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Field Emission Display
A field-emission display (FED) is a flat panel display technology that uses large-area field electron emission sources to provide electrons that strike colored phosphor to produce a color image. In a general sense, an FED consists of a matrix of cathode ray tubes, each tube producing a single sub-pixel, grouped in threes to form red-green-blue (RGB) pixels. FEDs combine the advantages of CRTs, namely their high contrast levels and very fast response times, with the packaging advantages of LCD
LCD
and other flat-panel technologies
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Standard-dynamic-range Video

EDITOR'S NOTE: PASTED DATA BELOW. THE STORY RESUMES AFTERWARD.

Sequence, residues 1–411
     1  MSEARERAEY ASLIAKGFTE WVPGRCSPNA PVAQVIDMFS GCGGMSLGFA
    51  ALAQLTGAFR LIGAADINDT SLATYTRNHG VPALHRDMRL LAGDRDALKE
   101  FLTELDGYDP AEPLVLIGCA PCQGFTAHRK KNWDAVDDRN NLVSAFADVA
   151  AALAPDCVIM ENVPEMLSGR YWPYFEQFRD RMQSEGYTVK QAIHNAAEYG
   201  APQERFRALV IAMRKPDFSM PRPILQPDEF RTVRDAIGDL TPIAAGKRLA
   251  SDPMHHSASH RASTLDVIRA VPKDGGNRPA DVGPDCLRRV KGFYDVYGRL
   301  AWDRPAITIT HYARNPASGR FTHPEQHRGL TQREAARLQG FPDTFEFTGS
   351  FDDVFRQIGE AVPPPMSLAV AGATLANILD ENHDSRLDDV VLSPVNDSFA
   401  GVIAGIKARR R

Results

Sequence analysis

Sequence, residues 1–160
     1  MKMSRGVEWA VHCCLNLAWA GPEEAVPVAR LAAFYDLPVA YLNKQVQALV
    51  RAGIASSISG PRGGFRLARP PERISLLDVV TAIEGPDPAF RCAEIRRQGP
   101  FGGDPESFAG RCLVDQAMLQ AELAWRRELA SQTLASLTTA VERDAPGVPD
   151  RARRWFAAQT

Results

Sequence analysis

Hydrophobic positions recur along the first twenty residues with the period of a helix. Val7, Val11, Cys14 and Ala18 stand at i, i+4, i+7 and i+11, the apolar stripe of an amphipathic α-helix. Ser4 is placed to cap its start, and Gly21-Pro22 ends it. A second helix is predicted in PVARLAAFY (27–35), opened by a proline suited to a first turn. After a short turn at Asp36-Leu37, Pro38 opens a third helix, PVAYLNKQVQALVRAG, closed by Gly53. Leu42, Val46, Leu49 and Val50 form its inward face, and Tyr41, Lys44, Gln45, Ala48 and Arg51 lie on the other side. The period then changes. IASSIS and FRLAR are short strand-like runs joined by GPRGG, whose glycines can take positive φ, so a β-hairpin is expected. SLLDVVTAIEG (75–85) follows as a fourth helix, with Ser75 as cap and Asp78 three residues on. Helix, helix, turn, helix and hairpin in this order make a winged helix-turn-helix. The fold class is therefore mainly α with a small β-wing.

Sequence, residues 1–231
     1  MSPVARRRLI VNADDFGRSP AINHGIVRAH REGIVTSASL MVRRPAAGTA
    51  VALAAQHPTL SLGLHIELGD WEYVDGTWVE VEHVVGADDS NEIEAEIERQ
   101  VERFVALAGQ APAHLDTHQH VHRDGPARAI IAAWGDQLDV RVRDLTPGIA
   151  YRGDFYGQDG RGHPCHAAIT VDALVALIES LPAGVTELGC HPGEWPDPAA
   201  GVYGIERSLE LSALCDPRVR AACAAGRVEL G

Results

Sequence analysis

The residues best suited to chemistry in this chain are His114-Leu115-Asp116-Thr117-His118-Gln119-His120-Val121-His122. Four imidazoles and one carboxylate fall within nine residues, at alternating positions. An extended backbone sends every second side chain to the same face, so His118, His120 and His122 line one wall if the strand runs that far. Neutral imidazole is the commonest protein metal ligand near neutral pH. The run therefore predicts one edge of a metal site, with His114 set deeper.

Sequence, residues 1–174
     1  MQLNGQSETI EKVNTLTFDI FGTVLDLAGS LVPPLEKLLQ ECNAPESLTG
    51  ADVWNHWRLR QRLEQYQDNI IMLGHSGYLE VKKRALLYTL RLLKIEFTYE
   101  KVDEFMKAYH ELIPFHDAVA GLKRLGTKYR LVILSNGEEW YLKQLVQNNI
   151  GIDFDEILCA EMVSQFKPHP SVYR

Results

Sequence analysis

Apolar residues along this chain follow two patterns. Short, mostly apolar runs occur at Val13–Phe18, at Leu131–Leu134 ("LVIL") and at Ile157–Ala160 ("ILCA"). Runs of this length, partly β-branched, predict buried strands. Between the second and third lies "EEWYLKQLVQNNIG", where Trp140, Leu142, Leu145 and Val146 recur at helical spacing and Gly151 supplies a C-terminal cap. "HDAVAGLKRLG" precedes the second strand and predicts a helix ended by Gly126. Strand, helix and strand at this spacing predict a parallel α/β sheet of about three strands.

Standard-dynamic-range video describes images/rendering/video using a conventional gamma curve, and therefore presenting a dynamic range that is considered standard, as opposed to high-dynamic-range video.[1] The conventional gamma curve was based on the limits of the cathode ray tube (CRT) which allows for a maximum luminance of 100 cd/m2.[2][3] The first CRT television sets were manufactured in 1934 and the first color CRT television sets were manufactured in 1954.[4][5]Contents1 Technical details 2 Limitations 3 See also 4 References 5 External linksTechnical details[edit] The dynamic range that can be perceived by the human eye in a single image is around 14 stops.[1] SDR video with a conventional gamma curve and a bit depth of 8-bits per sample has a dynamic range of about 6 stops.[1] Professional SDR video with a bit depth of 10-bits per sample has a dynamic range of about 10 stops.[1] Conventional gamma curves include Rec. 601 and Rec